In his new book, The Name of God Is Mercy, the Pope shared a beautiful vignette that struck me deeply. It relates to this corporal work of mercy. He writes, “Another example of a gesture that seems small but that really is large in the eyes of God is what a lot of mothers and wives do on Saturdays and Sundays: they line up in front of the jails to bring food and presents to their imprisoned sons and husbands. They undergo the humiliation of being searched. They don’t disown their sons or husbands; even though they have made mistakes, they go and visit them. This seemingly small gesture is great in the eyes of God. It is a gesture of mercy, despite the errors that their dear ones have committed” (p. 73).
Each one of us might not be able to visit a prison and encourage inmates personally as the Pope so often does, and those he speaks about do, but we can assist in the various ministries for the imprisoned including programs that seek to rehabilitate prisoners when they are released and to support families of those imprisoned. These outreach efforts are true works of charity.
5. To shelter the homeless
Next to feeding the hungry, sheltering the homeless has to be the most organized of all of the corporal works of mercy. There are many opportunities to work in a shelter or support it financially in our day. There are, moreover, homeless shelters throughout the cities of our land and even in the suburbs. To volunteer at a homeless shelter is a concrete way of living out this work of mercy. It is also a concrete way of showing personal support for those who have no roof over their heads. It can be an opportunity to engage our children (for sure under your supervision).
In a certain sense, as an itinerant preacher, Jesus himself must have identified with those who have no place to lay their heads. Responding to a would-be follower, Jesus told him, “Foxes have dens and birds of the sky have nests, but the Son of Man has nowhere to rest his head” (Lk 9:58). There is, therefore, a homelessness in each follower of Jesus, those of us who seek to follow Him faithfully, for He had nowhere to rest His head. It is a privileged place to encounter Him among those who likewise have no physical place to lay their heads. It is a concrete work of charity.
6. To visit the sick
The Scriptures are replete with examples of Jesus healing the sick. In fact, one such example is the visit of Jesus to the house of Simon’s mother-in-law who was sick. “He approached, grasped her hand, and helped her up. Then the fever left her, and she waited on them” (Mk 1:31). This miracle was the result of a visit to the house of Simon and Andrew.
The sixth corporal work of mercy does not mention healing the sick, as Jesus did, but simply visiting the sick. Jesus did both. But a visit to a sick person can and does so often have a healing effect. I can personally attest to that experience, as can so many of you. It is being in touch with someone who is ill at home or in the hospital or housebound or simply in need of company. It might, as well, involve bringing a meal to that person.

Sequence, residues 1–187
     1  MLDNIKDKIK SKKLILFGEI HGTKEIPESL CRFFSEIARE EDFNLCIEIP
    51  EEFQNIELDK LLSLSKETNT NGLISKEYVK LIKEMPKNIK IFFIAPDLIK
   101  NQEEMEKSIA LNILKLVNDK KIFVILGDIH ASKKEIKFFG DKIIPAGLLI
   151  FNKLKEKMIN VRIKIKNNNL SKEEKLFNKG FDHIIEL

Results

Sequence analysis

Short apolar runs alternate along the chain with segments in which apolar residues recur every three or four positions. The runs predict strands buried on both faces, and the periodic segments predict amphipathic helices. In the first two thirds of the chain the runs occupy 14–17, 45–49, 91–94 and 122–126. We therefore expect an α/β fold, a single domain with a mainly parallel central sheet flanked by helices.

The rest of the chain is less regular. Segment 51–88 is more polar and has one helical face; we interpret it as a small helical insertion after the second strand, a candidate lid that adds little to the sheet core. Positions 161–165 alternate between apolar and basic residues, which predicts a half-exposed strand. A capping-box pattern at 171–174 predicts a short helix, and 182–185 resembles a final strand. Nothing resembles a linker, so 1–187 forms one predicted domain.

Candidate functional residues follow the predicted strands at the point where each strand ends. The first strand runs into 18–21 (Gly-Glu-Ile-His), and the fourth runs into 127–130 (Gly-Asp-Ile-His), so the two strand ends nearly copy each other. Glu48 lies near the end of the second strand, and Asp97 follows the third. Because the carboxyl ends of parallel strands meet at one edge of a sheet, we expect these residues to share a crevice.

Driving the sick, or those preparing for an operation, to the doctor or the hospital is effectively visiting the sick. It is bringing the sick to an appointment, which is often difficult for an ill person to do alone.
One of the most treasured ministries of the church is that of an extraordinary minister of communion to the homebound. Not only is there a visit to the home (or hospital), but the bringing of Holy Communion to that person. It is a particularly beautiful way to visit the sick, to bring Jesus to that person in the Blessed Sacrament. That is truly a corporal work of mercy — bringing Jesus, the face of the Father’s mercy, to one who is sick. In effect, it is to be like Jesus who “majored,” if you will, in communicating the mercy of God to those in need, particularly those sick and those alone.
7. To bury the dead
At the outset, I draw your attention to the burial of Jesus himself and to Joseph of Arimathea who buried Him in a new tomb hewn out of the rock. St. John tells us that Nicodemus also came “bringing a mixture of myrrh and aloes weighing about one hundred pounds” (Jn 19:39). In addition, they took His body “and bound it with burial cloths along with spices, according to the Jewish burial custom” (Jn 19:40). The women followed behind “and when they had seen the tomb and the way in which his body was laid in it, they returned and prepared spices and perfumed oils” (Lk 23:55-56).
From the very beginning, cemeteries have been considered holy places, places of prayer, places to bring flowers and make visitations. That tradition continues in our own day.
The giving of a donation for Mass cards for the deceased is a wonderful way to remember and pray for the deceased. These prayers typically take place after the person is buried. They are ways to remember someone on that person’s anniversary of death.
As well, there is a tradition of accompanying the body to the cemetery, often in procession. The rite of committal there, which concludes the funeral rites, is the final act of the faithful in caring for the body of the deceased person, truly a corporal work of mercy and love.
The spiritual and corporal works of mercy can be for us and for our families the backbone of this Extraordinary Jubilee of Mercy. We can never do, or give, enough for others out of love and mercy. The name of God, after all, is Mercy. Making the corporal and spiritual works of mercy concretely our own is the sure path to encounter God, who is Mercy personified.
MSGR. VAGHI, a priest of the Archdiocese of Washington, is pastor of Little Flower Parish in Bethesda, Maryland. Msgr. Vaghi practiced law for many years and remains a member of the Virginia State Bar and the District of Columbia Bar.